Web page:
In the field of computer science, SOURCE CODE refers to a set of instructions that demystifies how a specific computer program operates.
In his exhibition “Elements of Architecture” for the 2014 Venice Architecture Biennale, despite the seemingly broad scope of his curatorial efforts, Rem Koolhaas chooses to exclude one of the most fundamental elements of contemporary spatial production: the digital. The methodological, social and perceptual potentials and problems of the digital has over the years become one of the primary concerns of architectural discourse. This intervention intends to reveal certain key moments in the evolution of digital discourse in architecture- i.e. the SOURCE CODE- which influence both the material and conceptual dynamics of contemporary architectural thinking and production.
SOURCE CODE features projects that had disciplinary impact before being built, if at all. They rather organized models that influenced physical as well as theoretical paradigms and technological discoveries by critical submersion into the digital. Through this analytical influence they breathe new life into “Fundamentals,” one that is much more credibly contemporary; operating across a spectrum of ideas through continuity and relevance, rather than ironic juxtaposition and radical de-contextualization. The projects are rooted in a discourse of commonalities and variations rather than differences and anomalies.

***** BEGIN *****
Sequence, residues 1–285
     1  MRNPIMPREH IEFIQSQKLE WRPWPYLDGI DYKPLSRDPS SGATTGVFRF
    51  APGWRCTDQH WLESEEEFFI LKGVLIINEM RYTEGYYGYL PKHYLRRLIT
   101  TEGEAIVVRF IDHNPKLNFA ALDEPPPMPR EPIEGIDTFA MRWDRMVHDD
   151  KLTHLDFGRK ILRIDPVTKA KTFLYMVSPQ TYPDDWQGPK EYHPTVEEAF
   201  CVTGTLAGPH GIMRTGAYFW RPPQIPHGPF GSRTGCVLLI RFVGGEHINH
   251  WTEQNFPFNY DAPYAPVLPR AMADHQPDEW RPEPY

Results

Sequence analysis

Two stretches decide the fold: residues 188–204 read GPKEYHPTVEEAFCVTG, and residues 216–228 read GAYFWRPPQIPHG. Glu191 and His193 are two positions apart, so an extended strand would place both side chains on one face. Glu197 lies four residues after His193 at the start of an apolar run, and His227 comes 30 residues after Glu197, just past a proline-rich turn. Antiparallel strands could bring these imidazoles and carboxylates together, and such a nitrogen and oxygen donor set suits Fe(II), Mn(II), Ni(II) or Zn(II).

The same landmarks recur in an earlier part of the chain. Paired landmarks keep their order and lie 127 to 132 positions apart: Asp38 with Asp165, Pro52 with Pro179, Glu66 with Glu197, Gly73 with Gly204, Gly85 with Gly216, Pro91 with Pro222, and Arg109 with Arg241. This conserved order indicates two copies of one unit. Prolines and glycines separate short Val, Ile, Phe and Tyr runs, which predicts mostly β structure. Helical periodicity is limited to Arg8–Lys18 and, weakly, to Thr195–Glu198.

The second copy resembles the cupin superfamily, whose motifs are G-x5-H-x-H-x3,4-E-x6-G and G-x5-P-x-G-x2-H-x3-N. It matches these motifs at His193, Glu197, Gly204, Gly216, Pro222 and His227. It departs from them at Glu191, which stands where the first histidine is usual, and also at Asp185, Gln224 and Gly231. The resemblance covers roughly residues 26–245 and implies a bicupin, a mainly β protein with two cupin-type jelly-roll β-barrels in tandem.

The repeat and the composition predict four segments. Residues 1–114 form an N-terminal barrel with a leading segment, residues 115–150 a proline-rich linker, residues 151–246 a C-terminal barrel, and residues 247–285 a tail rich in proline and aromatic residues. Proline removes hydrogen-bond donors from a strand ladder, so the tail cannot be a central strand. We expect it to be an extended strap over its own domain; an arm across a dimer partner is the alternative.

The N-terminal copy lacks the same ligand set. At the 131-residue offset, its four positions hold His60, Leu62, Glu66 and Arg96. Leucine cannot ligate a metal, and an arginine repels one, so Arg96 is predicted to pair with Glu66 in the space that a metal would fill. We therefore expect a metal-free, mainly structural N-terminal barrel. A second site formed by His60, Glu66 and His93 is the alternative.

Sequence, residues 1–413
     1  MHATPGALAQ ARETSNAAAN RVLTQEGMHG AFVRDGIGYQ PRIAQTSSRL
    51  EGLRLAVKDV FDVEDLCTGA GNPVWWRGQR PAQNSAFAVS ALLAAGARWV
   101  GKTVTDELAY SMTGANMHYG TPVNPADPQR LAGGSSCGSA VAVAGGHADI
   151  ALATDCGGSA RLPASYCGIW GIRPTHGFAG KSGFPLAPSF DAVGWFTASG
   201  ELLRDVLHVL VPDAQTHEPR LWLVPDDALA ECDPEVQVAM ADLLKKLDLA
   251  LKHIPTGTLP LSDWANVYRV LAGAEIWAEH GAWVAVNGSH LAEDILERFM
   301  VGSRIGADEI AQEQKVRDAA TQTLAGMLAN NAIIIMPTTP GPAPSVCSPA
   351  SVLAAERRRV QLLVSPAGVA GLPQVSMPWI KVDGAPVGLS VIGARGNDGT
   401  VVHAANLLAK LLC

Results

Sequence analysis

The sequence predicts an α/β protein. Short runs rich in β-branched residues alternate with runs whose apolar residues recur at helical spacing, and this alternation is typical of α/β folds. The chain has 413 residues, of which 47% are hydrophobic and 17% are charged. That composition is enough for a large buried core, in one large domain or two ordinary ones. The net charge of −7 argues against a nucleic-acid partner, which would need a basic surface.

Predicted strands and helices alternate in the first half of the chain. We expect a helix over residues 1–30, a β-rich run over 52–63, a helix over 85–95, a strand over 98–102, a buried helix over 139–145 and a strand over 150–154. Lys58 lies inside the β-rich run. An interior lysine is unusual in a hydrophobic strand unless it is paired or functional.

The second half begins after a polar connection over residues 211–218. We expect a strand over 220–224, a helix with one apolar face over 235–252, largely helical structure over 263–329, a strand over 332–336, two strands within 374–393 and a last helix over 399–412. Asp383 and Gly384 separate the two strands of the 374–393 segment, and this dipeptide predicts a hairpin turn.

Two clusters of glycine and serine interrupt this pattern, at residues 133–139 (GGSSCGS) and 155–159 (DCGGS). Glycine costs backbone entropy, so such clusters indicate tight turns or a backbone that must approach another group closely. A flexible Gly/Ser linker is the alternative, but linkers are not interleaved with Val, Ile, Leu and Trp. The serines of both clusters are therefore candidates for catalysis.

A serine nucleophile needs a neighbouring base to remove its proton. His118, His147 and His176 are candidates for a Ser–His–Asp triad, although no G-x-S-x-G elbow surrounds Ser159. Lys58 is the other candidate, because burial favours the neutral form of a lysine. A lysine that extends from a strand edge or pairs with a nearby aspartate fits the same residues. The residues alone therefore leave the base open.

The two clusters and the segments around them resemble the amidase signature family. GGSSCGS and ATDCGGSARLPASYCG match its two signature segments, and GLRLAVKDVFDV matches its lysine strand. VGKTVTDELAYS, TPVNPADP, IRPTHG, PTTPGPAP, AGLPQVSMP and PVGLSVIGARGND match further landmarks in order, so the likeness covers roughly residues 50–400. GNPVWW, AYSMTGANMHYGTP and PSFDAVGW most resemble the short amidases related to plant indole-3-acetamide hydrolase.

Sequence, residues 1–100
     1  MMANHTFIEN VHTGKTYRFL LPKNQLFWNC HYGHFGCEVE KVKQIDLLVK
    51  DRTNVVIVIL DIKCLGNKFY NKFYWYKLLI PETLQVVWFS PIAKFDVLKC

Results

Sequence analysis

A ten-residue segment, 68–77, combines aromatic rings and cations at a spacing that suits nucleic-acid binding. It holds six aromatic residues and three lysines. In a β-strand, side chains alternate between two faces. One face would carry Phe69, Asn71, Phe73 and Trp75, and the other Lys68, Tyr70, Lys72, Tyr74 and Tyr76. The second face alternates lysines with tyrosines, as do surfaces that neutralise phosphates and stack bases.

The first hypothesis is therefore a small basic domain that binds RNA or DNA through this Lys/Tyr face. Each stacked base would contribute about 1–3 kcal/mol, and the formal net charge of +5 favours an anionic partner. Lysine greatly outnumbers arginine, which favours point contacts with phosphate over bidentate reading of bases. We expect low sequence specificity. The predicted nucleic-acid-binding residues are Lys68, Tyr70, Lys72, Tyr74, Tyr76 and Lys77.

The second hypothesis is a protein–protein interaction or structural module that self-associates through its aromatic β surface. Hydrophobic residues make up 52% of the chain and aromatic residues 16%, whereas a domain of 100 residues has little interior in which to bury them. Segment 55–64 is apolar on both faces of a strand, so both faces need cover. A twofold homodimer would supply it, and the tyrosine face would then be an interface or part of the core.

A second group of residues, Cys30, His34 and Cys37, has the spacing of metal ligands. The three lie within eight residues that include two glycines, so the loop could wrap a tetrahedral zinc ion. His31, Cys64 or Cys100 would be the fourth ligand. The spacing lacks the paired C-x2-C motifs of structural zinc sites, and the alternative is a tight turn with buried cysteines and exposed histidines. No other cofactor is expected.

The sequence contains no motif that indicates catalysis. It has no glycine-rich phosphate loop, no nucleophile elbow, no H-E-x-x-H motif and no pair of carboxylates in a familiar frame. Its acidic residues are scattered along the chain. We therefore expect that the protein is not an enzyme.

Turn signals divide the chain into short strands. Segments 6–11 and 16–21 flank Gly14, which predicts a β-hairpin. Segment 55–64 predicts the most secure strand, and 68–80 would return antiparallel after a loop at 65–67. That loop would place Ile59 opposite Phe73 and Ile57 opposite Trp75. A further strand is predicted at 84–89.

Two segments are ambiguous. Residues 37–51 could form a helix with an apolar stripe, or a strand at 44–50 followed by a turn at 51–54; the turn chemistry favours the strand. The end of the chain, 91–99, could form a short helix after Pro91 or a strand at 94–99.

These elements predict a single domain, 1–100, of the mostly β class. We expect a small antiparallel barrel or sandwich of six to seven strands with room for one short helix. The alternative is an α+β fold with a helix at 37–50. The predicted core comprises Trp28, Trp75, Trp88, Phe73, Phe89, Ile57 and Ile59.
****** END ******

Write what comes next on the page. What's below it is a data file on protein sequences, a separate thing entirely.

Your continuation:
By downloading the free augmented reality (AR) application titled “Augment” (available in the IOS and Android app stores), participants view 3D models of selected projects by pointing their mobile devices at certain images found in the “Elements of Architecture” exhibition. A map accompanying SOURCE CODE serves as a guide; it identifies the locations of the images in the physical exhibition that function as “trackers” for the featured digital models. This project can be thought of as a new way of merging the digital and physical worlds in a curatorial context, embedding digital information in physical space, questioning the notions of control, intellectual agency and modes of communicating architectural information.